So it looked like I’d need a new heating element. Unfortunately, this is another area where PrintrBot is very far from standard — nobody else uses this kind of heating element, and the PrintrBot store wants $59 for a replacement. Meanwhile, the standard (as defined by cheap imports from China) is a small aluminum block with a heater cartridge and thermistor mounted inside of it (see right) that costs next to nothing. These hot ends are fully metric, with M6 threading for both the nozzle and shaft.
I happened to have one of these, so I had an Apollo-13-air-scrubber style problem: how do I get the Reprap-style M6-threaded heating element to graft onto the U.S. sized PrintrBot nozzle assembly?
I tried several combinations to no avail, until I realized that I could re-tap the M6 hole in the Reprap-style heating block to 1/4-20. Then I could thread the entire PrintrBot hot end tube through it, reassemble it per usual, and be back in business! So that’s what I did…with just a minute with a 1/4-20 tap and a bench vice, I converted the heating block to be PrintrBot compatible:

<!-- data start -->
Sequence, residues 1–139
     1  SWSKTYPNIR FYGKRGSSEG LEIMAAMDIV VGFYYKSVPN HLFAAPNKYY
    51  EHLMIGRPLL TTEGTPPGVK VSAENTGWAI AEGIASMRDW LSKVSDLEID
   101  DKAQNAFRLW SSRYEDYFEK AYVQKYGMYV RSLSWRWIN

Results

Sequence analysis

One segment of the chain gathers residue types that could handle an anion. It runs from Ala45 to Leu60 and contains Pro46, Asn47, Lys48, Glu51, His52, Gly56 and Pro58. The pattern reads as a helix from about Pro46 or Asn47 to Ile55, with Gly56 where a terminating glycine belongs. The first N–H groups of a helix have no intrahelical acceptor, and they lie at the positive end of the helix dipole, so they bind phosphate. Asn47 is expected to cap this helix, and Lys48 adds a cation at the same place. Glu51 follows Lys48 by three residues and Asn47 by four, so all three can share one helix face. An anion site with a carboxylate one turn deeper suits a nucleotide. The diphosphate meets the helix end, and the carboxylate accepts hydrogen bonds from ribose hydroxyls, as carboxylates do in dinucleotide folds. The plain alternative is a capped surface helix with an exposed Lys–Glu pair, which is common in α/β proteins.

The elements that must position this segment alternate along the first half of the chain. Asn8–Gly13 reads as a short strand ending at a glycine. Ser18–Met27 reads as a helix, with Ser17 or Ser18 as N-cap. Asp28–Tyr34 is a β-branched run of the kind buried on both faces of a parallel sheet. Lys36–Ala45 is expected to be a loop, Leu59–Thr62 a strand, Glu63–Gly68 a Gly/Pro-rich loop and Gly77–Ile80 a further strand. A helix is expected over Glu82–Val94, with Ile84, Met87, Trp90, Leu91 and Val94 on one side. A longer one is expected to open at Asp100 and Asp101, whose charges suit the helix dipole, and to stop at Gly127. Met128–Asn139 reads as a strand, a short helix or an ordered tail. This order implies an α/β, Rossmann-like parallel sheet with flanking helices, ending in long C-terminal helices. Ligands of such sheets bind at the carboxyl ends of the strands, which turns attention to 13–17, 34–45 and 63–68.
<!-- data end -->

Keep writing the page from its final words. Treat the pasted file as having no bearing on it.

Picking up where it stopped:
To keep it tight, I used teflon table on the nozzle, and tightened the heating block against the nozzle itself. This has a bonus effect of heating the nozzle most effectively.
To hook up the connections, I just attached Dupont pins to the thermistor (female) and heater cartridge (male). The pins hook up fine, but I didn’t have the fancy PrintrBot-type connector housings. No matter – a bit of tape keeps them secured.
In the end, it worked! The only issue I had was that it had trouble staying at temperature — the heating block leaks heat like crazy, especially when the fan is on. To fix this, I wrapped it in a bit of PTFE threadlock tape, then a layer of Kapton tape to hold it:
Side note: I also found an easier way to fabricate nozzles than the link I provided earlier. I just got some brass cap nuts, as the original directions prescribe, but instead of building a makeshift lathe, I just started by drilling the hole, then “milled” away excess material from around the outside of the hole freehanding with a dremel cutting disc. Knocked out a 0.5mm nozzle in about 5 minutes.